Your spirit is full of this and more; it becomes the bamboo, it is indescribable. Then you pick-up the brush and let your hand move in a natural way, effortlessly. There is no thought about technique or about the result, there is no conscious effort to make a nice painting. Little by little, your complete bamboo will take shape and you will have a painting that is unquestionably alive. The bamboo is “created” from nothing, not just copied.
Master Sung Tung Po says:
On rice paper, only one brush stroke is allowed for each mark: any touch-ups are immediately evident. All mental activities that are complicating the image (and your life) are given-up. So you understand that your thoughts about life, are not life itself and your thoughts about Zen, are not Zen; they are just thought…
The true sumi-e
As previously mentioned, the Japanese term “sumi” means “black ink”, “e” means “painting”. It indicates one of the art forms in which subjects are painted with black ink in all possible gradations ranging pure black to the lightest shades achievable by dissolving ink in water. However, this does not mean that everything painted in this way deserves to be called sumi-e.
True sumi-e must correspond to typical features, such as simplicity and spontaneity that directly strike the viewers’ sensibility. In order for a painting to be “alive”, all its components must be alive. This type of painting already includes the sketch; there is no need for preparation, as in traditional painting; any superfluous form or detail is left out.
Sumi-e grasps the essence of nature. It is in tune with the “rhythmic movement of the Spirit” which is present in all things, and which the artist conveys in his painting. This way of painting was introduced into Japan by Zen monks and it then became rapidly successful because in this painting-method, as in Zen practice, reality is expressed by reducing it to its pure, bare form. Touch-ups, additions and decorations do not enhance a work, but rather hide its true nature. Just as in cooking, if you add too many spices, you won’t get the real flavour of what you have made.
Just as in Zen few words are enough to express the meaning of many hours of meditation, in sumi-e, few marks of black ink painted with a brush on a simple sheet of white paper, can represent the most complex model. One must learn to capture the essence in order to get to the heart of reality as it is.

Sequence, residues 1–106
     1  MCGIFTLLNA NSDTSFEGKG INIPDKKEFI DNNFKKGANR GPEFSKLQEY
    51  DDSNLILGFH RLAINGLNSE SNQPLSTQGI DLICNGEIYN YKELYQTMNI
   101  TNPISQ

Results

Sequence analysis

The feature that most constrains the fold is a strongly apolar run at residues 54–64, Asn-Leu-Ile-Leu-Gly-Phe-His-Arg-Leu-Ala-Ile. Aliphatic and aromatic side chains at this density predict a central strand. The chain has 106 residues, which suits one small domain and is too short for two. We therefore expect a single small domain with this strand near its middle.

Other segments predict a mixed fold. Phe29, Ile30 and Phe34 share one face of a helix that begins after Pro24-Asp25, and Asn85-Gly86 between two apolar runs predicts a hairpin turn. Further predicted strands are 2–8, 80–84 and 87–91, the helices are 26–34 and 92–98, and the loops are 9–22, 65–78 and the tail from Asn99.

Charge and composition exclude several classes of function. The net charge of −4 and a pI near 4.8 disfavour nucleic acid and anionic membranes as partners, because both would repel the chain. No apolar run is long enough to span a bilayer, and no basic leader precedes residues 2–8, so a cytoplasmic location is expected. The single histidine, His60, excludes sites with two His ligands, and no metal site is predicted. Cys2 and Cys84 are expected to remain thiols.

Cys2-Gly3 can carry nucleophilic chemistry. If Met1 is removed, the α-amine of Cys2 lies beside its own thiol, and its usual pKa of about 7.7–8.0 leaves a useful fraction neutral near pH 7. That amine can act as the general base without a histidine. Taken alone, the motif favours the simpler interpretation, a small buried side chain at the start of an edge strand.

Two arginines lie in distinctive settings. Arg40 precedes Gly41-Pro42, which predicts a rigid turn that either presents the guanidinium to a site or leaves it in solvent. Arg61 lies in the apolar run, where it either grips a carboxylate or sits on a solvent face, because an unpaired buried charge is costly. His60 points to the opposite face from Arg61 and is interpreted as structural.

How to learn
This way of painting is complete, it involves your whole body. It is not easy at all and working with an expert teacher is necessary, as well as getting used to repeating subjects, or parts of them, an innumerable number of times. The spirit becomes more and more refined and sensitive through constant repetition.
At the start, it is inevitable that your paintings will be cold and unnatural. Eventually, you may wish to have more beauty in your work, although this shouldn’t turn into an obsession of wanting to become a perfect practitioner of sumi-e, since then, by doing so, you wouldn’t make any progress. If you go on thinking in terms of good and bad, you are still far from the true spirit of sumi-e.
As in Zen, the spirit must be free from any voluntary desire for success and ambition. Probably, much sooner than you think, you will feel able to paint whatever you wish, because every part of a landscape will appear as the true reflection of the source of life and nature. You will also realise that you are breathing better, that your body posture is more upright and “nobler” and that your overall health has also improved, including your spiritual psychological equilibrium.
In Zen, zazen is not just about learning a “meditation technique” but rather, it is about establishing a direct contact with the origin of everything (“Buddha nature”). In the same way, sumi-e goes beyond a simple “painting technique”.